Correspondent Lisa Biagiotti reported the signature story One island, two Jamaicas and a ‘whole heap’ of difference with Micah Fink and Gabrielle Weiss of the Pulitzer Center.
Lisa shares why Worldfocus didn’t broadcast daggerin’ images, addresses the realities of rampant violence and adolescent sex and recounts how some Jamaican artists are singing more uplifting gospel Dancehall music.
At the center of the music ban in Jamaica is daggerin’. Earlier this year, Jamaica’s national broadcasting commission banned sexually-explicit and violent lyrics and images related to daggerin’.
Worldfocus — based in New York City, not Kingston — also decided not to air these images because we thought our audience might be alarmed by the graphic nature of the dance. (Tell us below what you think of the daggerin’ images!) We didn’t mention daggerin’ in our video story because it begged the question…what is daggerin’?
Americans usually refer to this form of dancing as “freaking,” “bumping and grinding” or “dry-humping.” Urban clubs across the U.S. are packed with young people doing the American version of daggerin’.
In Jamaica, opponents of daggerin’ have described the dance as having sex with clothes on and even framed it as an aggressive, violent rape. Essentially, a woman bends over while a man pounds against her to the beat of the music. They liken the dance to a dagger stabbing piece of meat, violently and repeatedly.
The daggerin’ dance and the music that goes along with it slit Jamaican society. The Christian moral guard said children were overexposed to sex at an immature age. The defenders of Dancehall said the music mirrored the life and pressures in Jamaica’s poorest ghettos.
Turf wars and teen pregnancies
But behind the public music clash lurks the reality of rampant violence and adolescent sex in Jamaica.
Last year, 1,600 people were murdered mainly because of turf wars and reprisal killings. But this is still four to five murders a day for an island the size of Connecticut with a population of 2.8 million. (Most murders are confined to waring communities and the result of turf wars and reprisal killings.)
As for sex, approximately 80 percent of children are born out of wedlock and 35 percent of Jamaican women are pregnant by age 19.
Put down the gun and praise the Lord to the tune of gospel Dancehall
Not all Dancehall music is “murder music,” and not all of it is so sexually charged it could electrocute you. The Dancehall genre can be broken down into three streams: hardcore (explicit), mainstream (radio and TV friendly) and gospel (uplifting and positive).
The Worldfocus signature story One island, two Jamaicas and a whole heap of difference focused on the hardcore Dancehall variety, examining Jamaican society through the lens of the public debate on daggerin’ music. Hardcore Dancehall has gained international airplay, but has also come under attack abroad. Concerts of Jamaican singer Buju Banton are currently being canceled in the U.S. because gay groups are saying his lyrics advocate the killing of homosexuals.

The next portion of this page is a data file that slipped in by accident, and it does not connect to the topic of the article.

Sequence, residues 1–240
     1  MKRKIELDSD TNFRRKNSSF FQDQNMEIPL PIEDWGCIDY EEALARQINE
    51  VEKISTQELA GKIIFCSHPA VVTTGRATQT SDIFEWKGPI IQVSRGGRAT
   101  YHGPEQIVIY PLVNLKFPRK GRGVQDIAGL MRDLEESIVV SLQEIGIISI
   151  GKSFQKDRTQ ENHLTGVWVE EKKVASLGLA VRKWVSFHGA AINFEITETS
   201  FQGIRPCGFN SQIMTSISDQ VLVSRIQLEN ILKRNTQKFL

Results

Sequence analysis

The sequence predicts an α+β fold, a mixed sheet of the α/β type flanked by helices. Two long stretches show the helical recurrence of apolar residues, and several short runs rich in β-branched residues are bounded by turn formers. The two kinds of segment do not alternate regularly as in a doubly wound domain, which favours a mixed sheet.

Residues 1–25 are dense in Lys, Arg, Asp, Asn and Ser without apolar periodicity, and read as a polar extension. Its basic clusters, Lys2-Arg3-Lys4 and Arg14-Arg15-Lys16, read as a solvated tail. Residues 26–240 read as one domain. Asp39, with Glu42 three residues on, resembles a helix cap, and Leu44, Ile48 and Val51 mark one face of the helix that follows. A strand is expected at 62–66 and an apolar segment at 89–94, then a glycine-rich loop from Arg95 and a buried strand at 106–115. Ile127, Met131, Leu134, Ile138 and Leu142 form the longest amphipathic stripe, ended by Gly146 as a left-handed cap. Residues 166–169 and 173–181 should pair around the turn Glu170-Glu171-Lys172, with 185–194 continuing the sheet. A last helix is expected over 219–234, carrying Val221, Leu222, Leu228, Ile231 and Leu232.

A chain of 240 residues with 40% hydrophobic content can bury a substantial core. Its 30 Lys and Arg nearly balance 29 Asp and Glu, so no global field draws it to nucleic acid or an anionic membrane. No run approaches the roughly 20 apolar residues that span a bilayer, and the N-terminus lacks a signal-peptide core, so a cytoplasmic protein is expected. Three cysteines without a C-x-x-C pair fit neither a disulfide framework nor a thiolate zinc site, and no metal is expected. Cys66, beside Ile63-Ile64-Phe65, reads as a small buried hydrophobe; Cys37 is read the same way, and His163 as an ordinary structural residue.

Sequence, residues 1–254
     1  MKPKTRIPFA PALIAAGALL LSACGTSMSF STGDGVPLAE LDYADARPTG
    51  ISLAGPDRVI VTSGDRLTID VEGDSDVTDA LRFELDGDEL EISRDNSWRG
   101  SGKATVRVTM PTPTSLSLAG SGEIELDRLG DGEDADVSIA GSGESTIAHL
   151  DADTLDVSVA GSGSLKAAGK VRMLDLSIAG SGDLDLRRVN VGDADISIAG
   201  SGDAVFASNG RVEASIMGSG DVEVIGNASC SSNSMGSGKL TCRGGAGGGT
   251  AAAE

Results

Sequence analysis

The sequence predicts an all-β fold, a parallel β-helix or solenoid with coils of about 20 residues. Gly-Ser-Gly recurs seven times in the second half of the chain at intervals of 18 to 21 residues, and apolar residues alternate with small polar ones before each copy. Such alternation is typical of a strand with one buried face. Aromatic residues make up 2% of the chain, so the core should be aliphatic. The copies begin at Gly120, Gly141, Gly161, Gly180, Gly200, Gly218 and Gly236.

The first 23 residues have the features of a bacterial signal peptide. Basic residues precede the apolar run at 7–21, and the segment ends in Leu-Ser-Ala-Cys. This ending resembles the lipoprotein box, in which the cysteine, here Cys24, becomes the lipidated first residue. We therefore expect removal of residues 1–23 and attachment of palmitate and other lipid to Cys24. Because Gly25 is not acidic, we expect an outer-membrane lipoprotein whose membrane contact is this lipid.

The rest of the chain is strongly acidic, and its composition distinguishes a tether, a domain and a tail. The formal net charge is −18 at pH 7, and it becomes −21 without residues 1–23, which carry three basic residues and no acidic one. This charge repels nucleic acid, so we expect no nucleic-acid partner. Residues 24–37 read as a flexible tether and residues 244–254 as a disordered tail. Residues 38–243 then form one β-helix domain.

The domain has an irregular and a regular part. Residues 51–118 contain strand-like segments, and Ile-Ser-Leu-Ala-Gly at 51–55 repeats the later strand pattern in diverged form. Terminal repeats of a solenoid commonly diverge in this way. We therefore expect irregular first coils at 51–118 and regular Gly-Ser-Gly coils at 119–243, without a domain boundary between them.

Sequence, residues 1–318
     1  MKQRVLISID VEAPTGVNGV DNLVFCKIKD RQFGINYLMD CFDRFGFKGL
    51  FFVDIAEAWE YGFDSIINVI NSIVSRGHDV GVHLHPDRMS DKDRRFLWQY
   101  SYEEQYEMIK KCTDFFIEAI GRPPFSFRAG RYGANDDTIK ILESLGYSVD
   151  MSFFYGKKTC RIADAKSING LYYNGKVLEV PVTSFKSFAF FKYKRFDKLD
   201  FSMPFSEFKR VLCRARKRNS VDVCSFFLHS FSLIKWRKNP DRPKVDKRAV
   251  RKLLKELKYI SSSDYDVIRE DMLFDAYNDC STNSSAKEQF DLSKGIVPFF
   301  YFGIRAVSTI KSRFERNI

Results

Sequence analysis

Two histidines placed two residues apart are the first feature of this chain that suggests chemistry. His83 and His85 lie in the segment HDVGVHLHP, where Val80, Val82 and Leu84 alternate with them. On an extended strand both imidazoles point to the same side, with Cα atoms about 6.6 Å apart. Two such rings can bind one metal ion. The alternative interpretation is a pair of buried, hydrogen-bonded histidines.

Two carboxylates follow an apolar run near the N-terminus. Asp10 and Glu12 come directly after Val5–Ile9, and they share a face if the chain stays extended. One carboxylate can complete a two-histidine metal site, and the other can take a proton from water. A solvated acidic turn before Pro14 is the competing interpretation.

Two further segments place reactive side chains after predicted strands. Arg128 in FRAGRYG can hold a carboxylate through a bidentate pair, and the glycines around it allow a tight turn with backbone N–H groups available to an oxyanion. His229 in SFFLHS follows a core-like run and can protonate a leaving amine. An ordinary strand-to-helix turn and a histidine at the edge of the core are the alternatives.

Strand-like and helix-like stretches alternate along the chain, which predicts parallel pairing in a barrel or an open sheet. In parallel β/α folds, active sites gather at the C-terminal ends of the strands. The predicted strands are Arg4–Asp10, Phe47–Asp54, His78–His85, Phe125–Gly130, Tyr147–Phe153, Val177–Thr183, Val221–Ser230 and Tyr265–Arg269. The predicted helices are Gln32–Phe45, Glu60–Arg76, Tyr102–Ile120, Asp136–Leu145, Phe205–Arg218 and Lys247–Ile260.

As for mainstream Dancehall, lyrics must be sanitized or changed completely for air play. For example, “Rampin’ Shop” became “Dumpling Shop.” The tune and rhythm were the same, but the lyrics were child-proofed.
When I was in Jamaica late last spring, I stopped over at Roots FM, a community-based radio station that pumps positive music and conversation into the inner cities. Every week, Dudley Thompson hosts “What’s the Verdict” — an American Idol styled contest where callers can vote on songs from emerging artists. The gospel Dancehall song “Same Gun” by Xtreme had won the contest. The song traces the cycle of violence committed by one gun that kills a person, is stolen and used again until it it is put down. The young artists of Xtreme, Chris D and Lyrical, dedicated the song to their three slain friends and hope their music encourages more peace and love.
LISTEN to Chris D and Lyrical’s song “Same Gun:”
Joel Harrison, known as Kruddy, is a DJ at 876radio.com and supports the music ban, believing that Dancehall artists are now forced to be more creative and are singing about the recession and fathers abandoning their children. Critics aren’t convinced the ban has had any real effect on artists because the realities in Jamaica’s inner city have not changed.
Keepin’ it safe with Daggerin’ condoms
And for his part, Vybz Kartel, whose sexually-explicit song “Rampin’ Shop” provoked the ban, has come out with a line of Daggerin’ condoms. Now you can dagger away to his sexually-explicit music, and should you feel compelled to take off your clothes, you’re equipped with his Daggerin’ brand of condoms. See the commercial below…and let me know what you think of the daggerin’ debate.
- Lisa Biagiotti
- Watch the signature story about how public responses to the ban reveal the legacy of two Jamaicas dating back to the country’s slave history: One island, two Jamaicans and a ‘whole heap’ of difference.
- Watch Jamaican Dancehall artist Spice sing about the poverty plaguing Jamaica’s ghettos.
- Watch all the Worldfocus In the Shadows video signature series
- For more information on homophobia and HIV in Jamaica, visit The Glass Closet, a multimedia project produced in partnership with the Pulitzer Center on Crisis Reporting.
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